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Wednesday, March 22, 2017

Protecting Our Brand

When I partnered with the HNF five years ago, I asked them to trademark the "Team CMT" name. I knew there would come a time when someone else would try to use the name.

About two years ago, I was reading posts in one of the team CMT face book groups and I saw a group raising money for CMT, with "Team CMT" tee shirts.  It was the CMT U.K. group.  I contacted the president Karen Butcher and made her aware that Team CMT was a protected name. She basically told me she did not care and they just did it once.  I was really surprised by that. I can understand not knowing, but I was surprised someone would deliberately take our name and use it without permission. And then on top of it tell me that they didn't care.

Well about three months ago, I was again reading face book and saw the Team CMT kids logo attached to a post by someone not on the team or connected to the HNF.  He planned on using it on a face book page he had created aimed at supporting kids with CMT.  He was a CMTA member and was raising funds for them.

I helped design the logo with a graphic artist hired by the HNF. The design is based on TRIAD which means therapeutic research in accelerated design. The logo had meaning to us because of that.  It is a brand that represents our effort to raise awareness of CMT and money for CMT research. It represents the 200 plus members that have joined the team.

I privately messaged the person and let him know that it was a copyrighted logo. He said it should be all OK because it was for a good cause. He acknowledged he was also using the logo to fund raise for the CMTA.  He said it should be OK to do that because there should not be any strife between the two groups. He also added that he copied it from the Internet, so it was OK to use it.  He refused to take down the logo.

I told him very clearly that he was not to use it. He thought he could just join the team and that would make it OK. I declined having him join the team because he was not interested in supporting the team, just using the logo.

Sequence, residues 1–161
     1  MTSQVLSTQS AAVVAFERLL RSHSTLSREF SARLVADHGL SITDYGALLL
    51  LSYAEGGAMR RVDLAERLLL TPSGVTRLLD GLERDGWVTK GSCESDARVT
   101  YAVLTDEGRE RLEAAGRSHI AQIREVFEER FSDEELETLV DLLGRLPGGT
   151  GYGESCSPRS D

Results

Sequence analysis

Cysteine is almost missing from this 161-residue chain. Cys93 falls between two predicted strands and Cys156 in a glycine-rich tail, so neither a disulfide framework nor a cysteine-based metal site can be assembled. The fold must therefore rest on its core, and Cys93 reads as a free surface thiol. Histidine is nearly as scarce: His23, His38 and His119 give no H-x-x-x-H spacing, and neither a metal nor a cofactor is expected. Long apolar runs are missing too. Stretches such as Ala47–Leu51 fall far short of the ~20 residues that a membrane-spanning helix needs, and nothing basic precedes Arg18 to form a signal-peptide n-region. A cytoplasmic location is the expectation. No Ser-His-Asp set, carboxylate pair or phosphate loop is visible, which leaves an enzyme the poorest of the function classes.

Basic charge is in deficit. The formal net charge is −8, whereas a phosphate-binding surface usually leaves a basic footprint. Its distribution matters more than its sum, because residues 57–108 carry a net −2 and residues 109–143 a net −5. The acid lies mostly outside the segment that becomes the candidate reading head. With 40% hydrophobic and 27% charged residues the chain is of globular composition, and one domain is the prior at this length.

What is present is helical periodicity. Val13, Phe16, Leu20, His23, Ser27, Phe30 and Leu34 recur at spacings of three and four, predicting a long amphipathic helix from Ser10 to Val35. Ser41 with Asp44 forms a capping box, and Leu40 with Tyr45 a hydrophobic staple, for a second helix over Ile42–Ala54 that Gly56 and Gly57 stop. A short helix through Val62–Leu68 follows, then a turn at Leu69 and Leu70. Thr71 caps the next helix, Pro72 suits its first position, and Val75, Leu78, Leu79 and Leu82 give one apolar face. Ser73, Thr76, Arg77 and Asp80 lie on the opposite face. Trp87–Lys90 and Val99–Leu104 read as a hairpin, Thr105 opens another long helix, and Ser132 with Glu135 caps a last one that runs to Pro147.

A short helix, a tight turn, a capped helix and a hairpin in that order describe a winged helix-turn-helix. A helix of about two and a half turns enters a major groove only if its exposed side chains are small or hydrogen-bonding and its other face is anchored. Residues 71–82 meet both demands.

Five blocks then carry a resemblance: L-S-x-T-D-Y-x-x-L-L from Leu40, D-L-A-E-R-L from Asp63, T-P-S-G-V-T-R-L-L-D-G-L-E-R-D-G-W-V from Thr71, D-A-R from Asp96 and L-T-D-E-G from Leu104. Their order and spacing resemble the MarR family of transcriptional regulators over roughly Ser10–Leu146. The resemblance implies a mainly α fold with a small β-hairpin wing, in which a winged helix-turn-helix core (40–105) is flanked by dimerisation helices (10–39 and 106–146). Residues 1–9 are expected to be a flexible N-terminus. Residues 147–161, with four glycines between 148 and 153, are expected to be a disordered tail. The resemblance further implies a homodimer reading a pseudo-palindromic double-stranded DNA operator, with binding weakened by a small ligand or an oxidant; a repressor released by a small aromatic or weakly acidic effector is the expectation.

He then went on to paint himself as a victim in a posting on Inspire.  I could understand not understanding copy right law, but to continue to insist on using a logo from one group to fund raise for another makes you a bit clueless. This would be like borrowing a friend's car without their permission to deliver meals for "Meals on Wheels" and not returning it when you pointed out they were driving your car without permission.  Just because it is for a good cause does not keep the action from being illegal and unethical.

About a week after the incident, the legal department at my company sent out this message about intellectual property.

"Copyright is a form of protection for any original works of authorship in a tangible medium provided by U.S. laws. The owner of the copyrighted work (e.g., author(s) of the work, company whom the work was prepared for, etc.) has the exclusive legal right to reproduce, distribute, publicly perform, publicly display or create derivative works thereof.

Make sure you obtain permission from the copyright owner prior to using copyrighted work. Examples of copyrighted work include printed material from books, newspaper and magazines (e.g. articles, cartoons and logo) , as well as information and data from the internet and computer software.